This is a serious party album. Or a pre-party album. Or a really excited post-party album even. Better yet, this is a completely unabashed party album, with no pretenses and no apprehension. Of course, when the majority of the tracks on your record reference doing drugs (“Now I’m here with my friends, we’ve been taking some drugs, it’s such fun, we’ll be taking some more soon”), wanting to do drugs (“Well I request you be my friend, we'll spend some time taking drugs”), or suggesting others do drugs (“Why don’t you try doing drugs again? You were never funnier than you were back then”), it’s nearly impossible to claim any agenda but a longing to rage, and to find company with which to do your raging.
Opening with a guitar riff that sounds like something off Lou Reed’s Transformer, the record does straightforward pop-rock with shocking acumen. It's full of “la-la’s” and “da-da-da’s”, paired with eminently singable lyrics, twanging guitars, and drums and bass that make it practically impossible to stay still. The only less-than completely upbeat song is “Weed”, where Jackie (nee John) McKeown appears to be sad because one of his friends won’t come party, and he’s stuck at home getting stoned by himself. Even when these dudes are moping, the music (and the drugs) push on though.
Musically, 1990s keep arrangements minimally doctored by studio trickery. Triangles or bells are thrown in a couple songs, and a keyboard or synthesizer appear only once twice to break up the three-man party. The record would probably be monotonous, with the (overtly) reoccurring themes and simplistic styling if it wasn’t so seamless and well-executed, not to mention only 27-minutes long. The last song, “Situation”, finds them branching out a little from the lyric-heavy, almost punk-anthemic character of the previous eight songs, into two-minutes with as many instruments as the rest of the album combined in a surprising moment that recalled for me their Rough Trade label mates Pere Ubu.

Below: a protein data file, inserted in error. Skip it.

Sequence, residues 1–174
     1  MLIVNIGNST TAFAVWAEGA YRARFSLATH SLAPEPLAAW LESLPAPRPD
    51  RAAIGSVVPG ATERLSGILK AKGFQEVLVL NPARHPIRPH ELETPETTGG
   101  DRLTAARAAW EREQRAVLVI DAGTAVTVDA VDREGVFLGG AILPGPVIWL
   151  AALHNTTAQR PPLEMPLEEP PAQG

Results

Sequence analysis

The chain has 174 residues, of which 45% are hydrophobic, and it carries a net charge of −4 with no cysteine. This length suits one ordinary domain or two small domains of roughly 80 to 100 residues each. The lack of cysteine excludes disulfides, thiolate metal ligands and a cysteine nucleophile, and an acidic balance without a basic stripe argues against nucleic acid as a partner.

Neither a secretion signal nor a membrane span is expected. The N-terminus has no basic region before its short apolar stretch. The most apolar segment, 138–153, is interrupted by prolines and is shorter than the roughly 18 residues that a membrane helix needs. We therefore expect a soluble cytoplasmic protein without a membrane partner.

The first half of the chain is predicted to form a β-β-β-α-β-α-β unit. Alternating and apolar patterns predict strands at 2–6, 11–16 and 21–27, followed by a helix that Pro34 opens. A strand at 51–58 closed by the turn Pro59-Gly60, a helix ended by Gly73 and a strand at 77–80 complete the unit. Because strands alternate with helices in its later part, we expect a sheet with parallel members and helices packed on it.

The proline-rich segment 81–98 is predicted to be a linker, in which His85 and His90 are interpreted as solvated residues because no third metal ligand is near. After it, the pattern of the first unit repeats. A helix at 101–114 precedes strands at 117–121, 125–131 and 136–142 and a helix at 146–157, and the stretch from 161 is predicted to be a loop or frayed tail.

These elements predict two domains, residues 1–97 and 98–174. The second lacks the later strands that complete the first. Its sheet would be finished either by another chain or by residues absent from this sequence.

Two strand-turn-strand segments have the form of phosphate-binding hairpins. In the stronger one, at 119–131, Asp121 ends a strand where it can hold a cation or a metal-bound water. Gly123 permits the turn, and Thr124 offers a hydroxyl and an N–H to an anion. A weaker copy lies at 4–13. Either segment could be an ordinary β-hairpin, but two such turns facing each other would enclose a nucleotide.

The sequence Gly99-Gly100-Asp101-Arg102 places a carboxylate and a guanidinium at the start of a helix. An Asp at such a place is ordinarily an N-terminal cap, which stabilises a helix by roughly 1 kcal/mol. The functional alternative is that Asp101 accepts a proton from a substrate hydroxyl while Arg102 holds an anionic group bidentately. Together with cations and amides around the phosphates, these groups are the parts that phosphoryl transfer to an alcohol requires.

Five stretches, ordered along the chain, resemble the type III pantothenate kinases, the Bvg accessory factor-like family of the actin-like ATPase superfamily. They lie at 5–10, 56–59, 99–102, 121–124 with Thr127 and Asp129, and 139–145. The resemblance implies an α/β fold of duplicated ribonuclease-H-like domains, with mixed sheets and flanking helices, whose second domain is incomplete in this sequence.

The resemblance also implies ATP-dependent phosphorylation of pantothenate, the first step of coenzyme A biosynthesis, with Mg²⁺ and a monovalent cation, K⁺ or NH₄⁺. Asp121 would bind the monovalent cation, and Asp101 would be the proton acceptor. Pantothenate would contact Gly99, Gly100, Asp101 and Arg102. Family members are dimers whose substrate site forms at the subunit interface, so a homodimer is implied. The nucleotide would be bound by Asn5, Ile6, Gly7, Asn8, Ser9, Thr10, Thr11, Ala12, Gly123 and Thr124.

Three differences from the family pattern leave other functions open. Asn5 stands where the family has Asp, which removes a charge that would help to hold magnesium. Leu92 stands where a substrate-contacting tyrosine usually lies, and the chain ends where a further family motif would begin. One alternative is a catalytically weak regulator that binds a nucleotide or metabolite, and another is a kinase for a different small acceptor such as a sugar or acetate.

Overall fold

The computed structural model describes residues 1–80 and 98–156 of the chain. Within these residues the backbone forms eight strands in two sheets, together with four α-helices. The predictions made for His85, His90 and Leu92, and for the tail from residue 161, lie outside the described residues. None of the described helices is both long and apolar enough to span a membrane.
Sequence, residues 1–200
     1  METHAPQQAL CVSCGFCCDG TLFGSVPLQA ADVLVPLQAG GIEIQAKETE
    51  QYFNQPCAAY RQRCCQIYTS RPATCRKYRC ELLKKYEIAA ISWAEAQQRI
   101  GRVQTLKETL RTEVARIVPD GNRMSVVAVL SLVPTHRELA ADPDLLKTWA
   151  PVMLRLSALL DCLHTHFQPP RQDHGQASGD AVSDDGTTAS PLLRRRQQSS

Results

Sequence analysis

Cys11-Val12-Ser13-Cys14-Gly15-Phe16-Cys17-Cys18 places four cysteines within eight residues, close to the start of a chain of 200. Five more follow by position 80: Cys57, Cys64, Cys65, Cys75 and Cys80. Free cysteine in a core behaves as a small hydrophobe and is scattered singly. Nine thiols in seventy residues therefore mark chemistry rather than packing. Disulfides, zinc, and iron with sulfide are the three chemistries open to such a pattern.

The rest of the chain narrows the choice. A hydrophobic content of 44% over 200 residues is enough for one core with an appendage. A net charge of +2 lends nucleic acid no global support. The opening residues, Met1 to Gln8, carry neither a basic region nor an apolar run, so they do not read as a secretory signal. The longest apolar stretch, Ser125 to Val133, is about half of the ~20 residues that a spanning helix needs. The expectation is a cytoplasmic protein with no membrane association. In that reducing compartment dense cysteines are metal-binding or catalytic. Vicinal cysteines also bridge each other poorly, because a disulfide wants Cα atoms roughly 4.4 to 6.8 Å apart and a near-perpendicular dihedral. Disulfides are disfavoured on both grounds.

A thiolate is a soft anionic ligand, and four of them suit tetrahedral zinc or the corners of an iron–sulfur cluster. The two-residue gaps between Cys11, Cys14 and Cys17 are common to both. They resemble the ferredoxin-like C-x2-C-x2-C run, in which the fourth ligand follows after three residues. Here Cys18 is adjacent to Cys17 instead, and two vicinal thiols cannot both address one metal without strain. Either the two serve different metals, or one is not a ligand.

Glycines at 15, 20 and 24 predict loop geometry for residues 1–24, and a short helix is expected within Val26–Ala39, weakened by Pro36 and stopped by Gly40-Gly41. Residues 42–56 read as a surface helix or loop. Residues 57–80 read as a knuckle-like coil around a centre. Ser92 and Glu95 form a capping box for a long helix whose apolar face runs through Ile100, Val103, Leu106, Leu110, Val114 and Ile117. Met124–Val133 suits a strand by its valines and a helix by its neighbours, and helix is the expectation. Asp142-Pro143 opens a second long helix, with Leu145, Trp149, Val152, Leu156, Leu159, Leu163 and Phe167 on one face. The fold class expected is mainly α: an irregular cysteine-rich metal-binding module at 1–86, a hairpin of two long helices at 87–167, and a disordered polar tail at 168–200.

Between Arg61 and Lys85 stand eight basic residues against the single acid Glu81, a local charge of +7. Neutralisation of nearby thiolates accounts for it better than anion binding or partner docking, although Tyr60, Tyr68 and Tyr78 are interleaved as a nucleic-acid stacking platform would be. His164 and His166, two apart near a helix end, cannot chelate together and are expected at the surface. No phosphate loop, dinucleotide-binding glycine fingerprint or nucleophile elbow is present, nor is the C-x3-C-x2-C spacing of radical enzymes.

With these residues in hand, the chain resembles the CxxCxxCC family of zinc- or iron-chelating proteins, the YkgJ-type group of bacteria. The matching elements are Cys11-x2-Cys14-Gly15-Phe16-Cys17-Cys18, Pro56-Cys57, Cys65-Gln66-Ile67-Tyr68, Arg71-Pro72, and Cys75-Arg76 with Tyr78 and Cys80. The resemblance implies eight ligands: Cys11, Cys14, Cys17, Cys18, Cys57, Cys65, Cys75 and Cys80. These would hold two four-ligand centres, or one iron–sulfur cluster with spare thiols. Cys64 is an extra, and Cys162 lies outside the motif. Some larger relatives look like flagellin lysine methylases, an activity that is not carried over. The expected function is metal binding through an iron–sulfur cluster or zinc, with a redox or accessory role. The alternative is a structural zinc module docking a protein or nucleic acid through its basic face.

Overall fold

Despite their stated penchant for partying, these aren’t boys in their early twenties, nor even their late twenties. In fact, it’s more than possible they aren’t even in their thirties anymore. This isn’t an “up and coming” record from kids who are going to make a “grown-up” record next. This is a brazen record made by guys who’ve been partying for an awfully long time. It isn’t flashy and it hasn’t set out meaning to impress us, though I’m sure they’ll think it’s lovely enough if it does.
Let me be clear here, this is a really, REALLY good party record—impeccably done for what it is and more fun than nearly anything else I’ve heard in recent memory. So take Cookies at face value and don’t expect it to surprise or move you, but do expect to dance maniacally and suffer a barely repressed urge to get as wasted as possible, as soon as possible–preferably with these guys.